8 October 2014
£8 / £7 (concs)
Director: Bill Douglas, 1972, 1973, 1978 (172 mins), Certificate 15, (35mm film), The Box
Bill Douglas’s reputation as a film director rests largely on three films he made in the 1970s, the total running length of which is only just over three hours.
My Childhood (1972), My Ain Folk (1973) and My Way Home (1978) provide a painfully intense picture of a harsh upbringing marked by poverty, isolation and the complex family background of a boy who only gradually discovers that his father is the man who lives down the road and that his mother is in an asylum.
All three films were closely modelled on the director’s own experiences and memories. They were largely filmed in Newcraighall, the mining village on the outskirts of Edinburgh where Douglas was born in 1934, and where he spent his childhood.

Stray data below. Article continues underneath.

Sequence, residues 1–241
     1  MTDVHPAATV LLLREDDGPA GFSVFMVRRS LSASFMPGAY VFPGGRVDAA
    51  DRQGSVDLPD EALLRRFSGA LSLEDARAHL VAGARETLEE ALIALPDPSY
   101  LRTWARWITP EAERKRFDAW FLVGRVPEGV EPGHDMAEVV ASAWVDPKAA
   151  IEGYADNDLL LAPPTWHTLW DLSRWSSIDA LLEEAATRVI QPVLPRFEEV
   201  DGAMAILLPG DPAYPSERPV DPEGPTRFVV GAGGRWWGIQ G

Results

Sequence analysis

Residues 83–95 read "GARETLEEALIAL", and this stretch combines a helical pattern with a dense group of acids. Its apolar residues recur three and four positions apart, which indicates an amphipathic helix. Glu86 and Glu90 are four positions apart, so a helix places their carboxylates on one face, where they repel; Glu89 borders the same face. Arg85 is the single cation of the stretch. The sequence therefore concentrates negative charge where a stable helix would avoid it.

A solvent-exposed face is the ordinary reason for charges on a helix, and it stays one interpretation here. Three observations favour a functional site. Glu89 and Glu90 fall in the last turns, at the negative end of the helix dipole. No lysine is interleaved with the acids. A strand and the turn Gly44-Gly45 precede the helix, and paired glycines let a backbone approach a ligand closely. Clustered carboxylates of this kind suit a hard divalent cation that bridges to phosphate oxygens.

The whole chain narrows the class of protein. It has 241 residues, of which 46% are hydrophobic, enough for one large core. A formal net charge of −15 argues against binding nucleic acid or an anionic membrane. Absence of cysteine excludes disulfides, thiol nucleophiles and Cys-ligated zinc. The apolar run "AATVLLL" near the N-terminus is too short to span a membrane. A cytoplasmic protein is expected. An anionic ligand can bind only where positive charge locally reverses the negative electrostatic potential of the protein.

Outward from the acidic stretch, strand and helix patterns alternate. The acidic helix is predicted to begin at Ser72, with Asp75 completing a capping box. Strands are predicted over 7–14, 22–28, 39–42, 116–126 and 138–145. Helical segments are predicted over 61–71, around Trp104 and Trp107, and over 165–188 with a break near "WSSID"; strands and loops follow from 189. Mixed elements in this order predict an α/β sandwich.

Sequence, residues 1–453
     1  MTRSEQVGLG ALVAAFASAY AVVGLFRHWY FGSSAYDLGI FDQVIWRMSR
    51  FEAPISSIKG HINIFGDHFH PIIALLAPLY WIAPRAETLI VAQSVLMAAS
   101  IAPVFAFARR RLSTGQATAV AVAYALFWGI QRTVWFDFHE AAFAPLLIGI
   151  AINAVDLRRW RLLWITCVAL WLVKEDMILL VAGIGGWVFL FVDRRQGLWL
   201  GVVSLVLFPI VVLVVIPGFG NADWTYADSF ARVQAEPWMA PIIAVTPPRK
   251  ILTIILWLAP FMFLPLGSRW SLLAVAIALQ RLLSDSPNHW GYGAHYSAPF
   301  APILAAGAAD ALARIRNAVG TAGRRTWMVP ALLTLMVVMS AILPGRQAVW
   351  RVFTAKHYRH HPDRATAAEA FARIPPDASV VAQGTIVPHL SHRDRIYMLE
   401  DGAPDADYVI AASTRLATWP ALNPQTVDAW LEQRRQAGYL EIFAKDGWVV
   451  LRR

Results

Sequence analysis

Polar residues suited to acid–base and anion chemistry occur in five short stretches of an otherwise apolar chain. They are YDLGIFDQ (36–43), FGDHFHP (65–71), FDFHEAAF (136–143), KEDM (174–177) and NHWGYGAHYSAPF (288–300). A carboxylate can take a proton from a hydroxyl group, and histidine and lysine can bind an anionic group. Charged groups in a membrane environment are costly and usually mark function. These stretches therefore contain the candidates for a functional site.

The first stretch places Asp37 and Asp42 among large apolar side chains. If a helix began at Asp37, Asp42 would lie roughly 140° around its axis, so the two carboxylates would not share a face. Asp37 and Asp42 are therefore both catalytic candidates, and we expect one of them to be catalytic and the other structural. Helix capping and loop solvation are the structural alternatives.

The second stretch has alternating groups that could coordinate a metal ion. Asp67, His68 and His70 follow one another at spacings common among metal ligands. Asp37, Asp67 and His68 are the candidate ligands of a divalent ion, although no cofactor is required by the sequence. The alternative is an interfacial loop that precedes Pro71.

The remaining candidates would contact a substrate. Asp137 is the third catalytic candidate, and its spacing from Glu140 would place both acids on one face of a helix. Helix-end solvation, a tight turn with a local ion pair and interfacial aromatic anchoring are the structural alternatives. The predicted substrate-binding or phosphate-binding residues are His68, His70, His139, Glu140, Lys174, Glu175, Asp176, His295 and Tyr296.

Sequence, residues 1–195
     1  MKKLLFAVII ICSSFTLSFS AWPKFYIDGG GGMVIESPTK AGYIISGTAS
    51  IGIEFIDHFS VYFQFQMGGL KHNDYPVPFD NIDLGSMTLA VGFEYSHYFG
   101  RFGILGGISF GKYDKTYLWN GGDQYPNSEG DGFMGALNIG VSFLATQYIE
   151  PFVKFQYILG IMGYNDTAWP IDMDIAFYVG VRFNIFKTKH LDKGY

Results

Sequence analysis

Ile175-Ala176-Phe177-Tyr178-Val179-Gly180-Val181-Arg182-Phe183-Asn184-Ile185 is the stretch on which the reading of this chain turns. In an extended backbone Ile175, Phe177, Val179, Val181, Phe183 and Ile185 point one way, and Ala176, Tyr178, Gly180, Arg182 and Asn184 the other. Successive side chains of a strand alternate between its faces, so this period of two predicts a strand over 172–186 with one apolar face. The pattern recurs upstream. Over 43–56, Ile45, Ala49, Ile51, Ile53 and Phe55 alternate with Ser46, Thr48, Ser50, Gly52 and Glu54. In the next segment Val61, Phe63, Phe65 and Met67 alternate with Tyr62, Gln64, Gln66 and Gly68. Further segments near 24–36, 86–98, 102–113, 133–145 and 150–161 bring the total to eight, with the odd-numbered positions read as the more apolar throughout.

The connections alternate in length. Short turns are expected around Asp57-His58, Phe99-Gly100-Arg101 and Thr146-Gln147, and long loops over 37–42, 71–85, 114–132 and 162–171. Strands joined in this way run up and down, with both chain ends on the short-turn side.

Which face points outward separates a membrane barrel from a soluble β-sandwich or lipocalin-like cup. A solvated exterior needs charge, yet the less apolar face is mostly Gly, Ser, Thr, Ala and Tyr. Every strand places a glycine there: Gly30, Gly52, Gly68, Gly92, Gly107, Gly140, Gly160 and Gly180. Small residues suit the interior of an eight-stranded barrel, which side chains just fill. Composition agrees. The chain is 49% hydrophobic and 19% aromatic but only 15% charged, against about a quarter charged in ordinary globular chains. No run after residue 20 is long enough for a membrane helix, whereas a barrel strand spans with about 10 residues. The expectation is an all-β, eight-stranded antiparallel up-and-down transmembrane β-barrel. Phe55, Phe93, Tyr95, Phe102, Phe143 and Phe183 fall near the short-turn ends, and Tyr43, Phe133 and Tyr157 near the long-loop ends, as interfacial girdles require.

Fiercely unsentimental, often bleak, and making sparse use of dialogue and camera movement, the films also include moments of exhilaration. One such moment occurs at the beginning ofMy Ain Folk, when a visit to the cinema allows a brief splash of Technicolor, differing sharply from the otherwise dominant grainy black-and-white.
Douglas later described the cinema as “my real home”, writing (in Palace of Dreams) of the magical contrast it offered to the outside world where “whether in the village or the city, whether I was seven or seventeen, it always seemed to be raining or grey.”
In collaboration with Picturehouse at FACT.
Part of the film programme curated by Sharon Lockhart to accompany her exhibition, part of Liverpool Biennial 2014.